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Condition - Seasonal allergies - a positive strategy

By Alison Belcourt BA (Hons) Dip ION MBANT NTCC Nutritional Therapist

For most people, the first signs of spring and summer bring hope, joy and happiness that the cold winter days are over and that spring is on its way. For others, it is an early warning that the hay fever season is about to begin and, with it, the constant misery of sore eyes, blocked nose, itching and sneezing.

Hay fever, or seasonal allergic rhinitis, is an acute, allergy-related condition that is estimated to affect one in four of the adult population. It involves immune activity producing inflammation of the mucosa of the nasal passages, throat and the eye membrane (conjunctiva), due to inhaled allergens released from local trees, grasses and flowers.

These airborne particles enter the body, passing into the blood stream through the lining tissues of the nose, throat, lungs and gut. The immune system, perceiving these particles as foreign, produces IgE antibodies which are primed to remember these foreign particles in the future. They attach to larger mast cells that contain histamine. When the same particles enter the body a second time, these primed IgE-attached mast cells release histamine, which acts like a fire alarm at the local fire station, sending signals to up-regulate the immune response, in order to eliminate these foreign invaders. The symptoms experienced are due to this over-stimulated immune activity. Many people resort to anti-histamine medicines in an attempt to control symptoms but these can leave you feeling dry, drained and drowsy. Luckily, there are more natural ways that you can help maintain immune balance.

The first is simple; keep hydrated by drinking plenty of water. Histamine is used in the body as a water regulator. If the body is dehydrated, more histamine will be produced, naturally, to serve this role. There are foods that naturally contain high amounts of histamine. These include shellfish, matured cheeses, red wine, spinach, strawberries and chocolate which, if eaten in large amounts, may add to, or aggravate, the condition. Preservatives and food colourants may cause the release of histamine so eating a more natural diet, full of fresh fruits and vegetables, is also important.

Some foods contain natural compounds, which appear to stabilise the hyperactivity of mast cells. Quercetin, found in onions, garlic, leeks, spring onions and green tea is one and sulphur, found in onions, leeks, garlic and eggs is another. People with low levels of vitamin C appear to produce higher levels of histamine. Nut and seed oils, olive oil, fish oils, red, blue and purple fruits, bromelain (found in pineapple), cayenne, ginger and turmeric have natural anti-inflammatory properties, which may reduce or tone down the activity of the inflammatory response. Dairy foods are generally more pro-inflammatory and may result in a higher level of mucous production so are best avoided.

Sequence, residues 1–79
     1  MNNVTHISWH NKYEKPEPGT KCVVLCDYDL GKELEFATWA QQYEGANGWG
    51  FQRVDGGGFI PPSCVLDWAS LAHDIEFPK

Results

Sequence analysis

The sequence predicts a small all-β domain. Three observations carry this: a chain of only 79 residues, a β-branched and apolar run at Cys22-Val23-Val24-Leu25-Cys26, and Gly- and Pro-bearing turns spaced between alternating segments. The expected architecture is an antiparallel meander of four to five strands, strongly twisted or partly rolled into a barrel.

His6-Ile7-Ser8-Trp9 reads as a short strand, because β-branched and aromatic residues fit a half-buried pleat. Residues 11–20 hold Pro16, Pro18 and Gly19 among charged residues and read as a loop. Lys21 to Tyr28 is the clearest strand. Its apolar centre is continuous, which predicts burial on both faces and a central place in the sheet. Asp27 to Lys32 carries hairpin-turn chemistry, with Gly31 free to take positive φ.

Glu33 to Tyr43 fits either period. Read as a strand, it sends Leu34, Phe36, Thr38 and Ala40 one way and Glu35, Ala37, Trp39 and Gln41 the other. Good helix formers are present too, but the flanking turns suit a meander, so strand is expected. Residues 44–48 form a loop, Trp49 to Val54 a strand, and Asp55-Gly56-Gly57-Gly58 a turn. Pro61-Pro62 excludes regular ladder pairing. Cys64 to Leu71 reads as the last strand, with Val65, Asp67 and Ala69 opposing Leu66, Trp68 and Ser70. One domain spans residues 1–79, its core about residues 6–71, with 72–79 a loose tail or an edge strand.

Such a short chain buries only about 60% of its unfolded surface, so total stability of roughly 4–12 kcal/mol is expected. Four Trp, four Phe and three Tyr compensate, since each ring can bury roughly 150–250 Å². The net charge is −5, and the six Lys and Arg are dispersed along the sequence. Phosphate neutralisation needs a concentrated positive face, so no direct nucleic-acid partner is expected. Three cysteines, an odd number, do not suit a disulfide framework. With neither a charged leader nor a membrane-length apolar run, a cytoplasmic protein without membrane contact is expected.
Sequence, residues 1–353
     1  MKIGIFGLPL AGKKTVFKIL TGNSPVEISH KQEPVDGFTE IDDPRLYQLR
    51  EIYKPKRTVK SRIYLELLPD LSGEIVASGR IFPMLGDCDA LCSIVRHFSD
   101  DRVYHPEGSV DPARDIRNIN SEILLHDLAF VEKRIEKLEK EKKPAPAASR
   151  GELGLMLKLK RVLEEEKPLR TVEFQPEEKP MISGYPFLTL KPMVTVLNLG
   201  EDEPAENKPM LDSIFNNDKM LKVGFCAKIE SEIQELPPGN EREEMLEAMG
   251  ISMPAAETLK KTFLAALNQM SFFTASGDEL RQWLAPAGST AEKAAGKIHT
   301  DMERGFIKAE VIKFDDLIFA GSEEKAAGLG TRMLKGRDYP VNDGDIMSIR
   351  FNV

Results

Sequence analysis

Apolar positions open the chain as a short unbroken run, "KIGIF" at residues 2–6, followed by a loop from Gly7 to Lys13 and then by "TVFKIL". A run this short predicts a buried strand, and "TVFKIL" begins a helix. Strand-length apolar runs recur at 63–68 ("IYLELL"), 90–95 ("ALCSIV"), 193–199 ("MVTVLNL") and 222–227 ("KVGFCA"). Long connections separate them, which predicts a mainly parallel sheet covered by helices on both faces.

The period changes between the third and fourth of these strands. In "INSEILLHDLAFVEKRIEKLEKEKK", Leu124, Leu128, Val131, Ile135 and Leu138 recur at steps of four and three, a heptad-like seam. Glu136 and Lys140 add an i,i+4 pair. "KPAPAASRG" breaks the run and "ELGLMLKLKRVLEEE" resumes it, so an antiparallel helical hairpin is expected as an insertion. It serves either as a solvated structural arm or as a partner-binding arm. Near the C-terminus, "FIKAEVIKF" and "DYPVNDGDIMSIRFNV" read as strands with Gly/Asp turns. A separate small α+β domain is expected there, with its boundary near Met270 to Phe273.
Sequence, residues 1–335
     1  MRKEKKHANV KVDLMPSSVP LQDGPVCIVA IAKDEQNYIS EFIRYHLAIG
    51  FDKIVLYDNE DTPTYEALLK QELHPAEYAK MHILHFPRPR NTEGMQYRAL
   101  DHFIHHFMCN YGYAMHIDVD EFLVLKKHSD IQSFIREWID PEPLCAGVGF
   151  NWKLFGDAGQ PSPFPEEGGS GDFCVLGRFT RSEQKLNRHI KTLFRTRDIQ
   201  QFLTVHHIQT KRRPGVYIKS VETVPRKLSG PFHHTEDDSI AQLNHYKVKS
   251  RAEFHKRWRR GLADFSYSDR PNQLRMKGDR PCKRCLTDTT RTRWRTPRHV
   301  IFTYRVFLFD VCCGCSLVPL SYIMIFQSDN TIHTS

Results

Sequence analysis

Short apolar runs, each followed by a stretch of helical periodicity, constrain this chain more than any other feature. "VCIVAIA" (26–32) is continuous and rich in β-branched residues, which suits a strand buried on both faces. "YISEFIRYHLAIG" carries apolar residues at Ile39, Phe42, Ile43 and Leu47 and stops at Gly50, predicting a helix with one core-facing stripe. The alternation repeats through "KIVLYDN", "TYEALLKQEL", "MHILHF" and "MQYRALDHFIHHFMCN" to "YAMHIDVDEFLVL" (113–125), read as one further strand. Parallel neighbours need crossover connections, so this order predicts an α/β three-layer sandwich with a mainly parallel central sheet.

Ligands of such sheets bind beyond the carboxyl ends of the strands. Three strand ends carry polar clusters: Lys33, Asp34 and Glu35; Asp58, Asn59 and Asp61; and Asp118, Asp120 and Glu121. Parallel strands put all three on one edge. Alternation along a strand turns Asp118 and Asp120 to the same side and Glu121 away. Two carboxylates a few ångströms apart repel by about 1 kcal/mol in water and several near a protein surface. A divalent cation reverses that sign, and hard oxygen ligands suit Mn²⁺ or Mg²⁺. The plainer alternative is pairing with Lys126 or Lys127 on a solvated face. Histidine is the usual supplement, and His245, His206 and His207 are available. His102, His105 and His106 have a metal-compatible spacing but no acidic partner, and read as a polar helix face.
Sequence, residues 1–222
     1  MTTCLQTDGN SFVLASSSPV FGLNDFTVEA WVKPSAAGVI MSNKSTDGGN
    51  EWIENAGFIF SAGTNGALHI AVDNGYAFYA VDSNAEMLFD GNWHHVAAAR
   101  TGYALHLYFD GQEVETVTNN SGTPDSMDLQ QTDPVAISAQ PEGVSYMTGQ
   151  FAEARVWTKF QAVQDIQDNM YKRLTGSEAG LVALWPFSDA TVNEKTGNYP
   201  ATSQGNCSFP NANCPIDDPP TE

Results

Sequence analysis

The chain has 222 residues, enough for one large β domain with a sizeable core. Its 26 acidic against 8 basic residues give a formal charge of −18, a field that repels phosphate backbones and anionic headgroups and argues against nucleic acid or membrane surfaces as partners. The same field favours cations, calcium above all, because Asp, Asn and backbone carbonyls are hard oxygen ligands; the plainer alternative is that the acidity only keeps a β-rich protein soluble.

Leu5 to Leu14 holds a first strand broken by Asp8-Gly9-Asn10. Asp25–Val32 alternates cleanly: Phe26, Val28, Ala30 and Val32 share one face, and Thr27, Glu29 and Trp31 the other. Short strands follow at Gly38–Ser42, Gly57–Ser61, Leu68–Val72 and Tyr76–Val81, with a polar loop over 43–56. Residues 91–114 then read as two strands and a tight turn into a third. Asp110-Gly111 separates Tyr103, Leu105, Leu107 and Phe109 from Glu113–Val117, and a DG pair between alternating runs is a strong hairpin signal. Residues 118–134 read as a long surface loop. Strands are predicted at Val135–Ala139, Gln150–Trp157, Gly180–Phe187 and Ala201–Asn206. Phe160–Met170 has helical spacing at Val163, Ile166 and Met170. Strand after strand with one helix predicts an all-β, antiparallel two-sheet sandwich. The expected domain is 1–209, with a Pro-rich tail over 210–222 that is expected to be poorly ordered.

Research indicates that seasonal allergy is more common in people with a family history of allergies or a personal history of eczema and asthma. Others appear to suffer from food allergy or intolerance of some kind. This could be related to undigested food particles slipping through gaps in the intestinal wall, the so-called ‘leaky gut’, which should not happen if the digestive tract is strong and healthy. These undigested food particles can up-regulate the immune response, stimulating other IgE mast cells’ activity.

The role played by the beneficial microflora living in the mucosal lining of the digestive tract in reducing food intolerance is well known, as is their ability to prime, but also balance, the activity of the immune system. The digestive tract is one of the main gateways whereby pathogens can enter the body. The immune system produces secretory IgA to help protect the mucosal lining and it is here that beneficial bacteria live. These good bacteria also ferment fibre, providing short chain fatty acids that support the integrity of the gut wall. A healthy gut wall lowers the potential of an immune reaction to food. Glutamine also supports this process.

Your immune system contains a sub-set of white blood cells, called dendritic cells, that are placed at specific points within the immune-producing mucosal layers in the body. These cells, if activated, are potent stimulators of immune cells called T cells. T cells either up-regulate the immune system or calm it down.

The presence of the good gut bacteria appear to stimulate the production of more regulatory or calming immune cells in the system. So, although the particles that cause hay fever are airborne, the existence of these regulatory T cells in the digestive system may reduce the overall activity of the immune response to these airborne particles. Daily probiotics will help replenish and maintain the good bacteria in the digestive tract which, in turn, help to maintain a strong immune system.

Folklore suggests that a daily teaspoon of locally-produced, unpasturised honey, five to six weeks before the hay fever season starts, may help to de-sensitise the reaction to the local pollen. This has not been proven but may be worth trying out, together with these other natural strategies, to reduce the misery which hay fever brings. 

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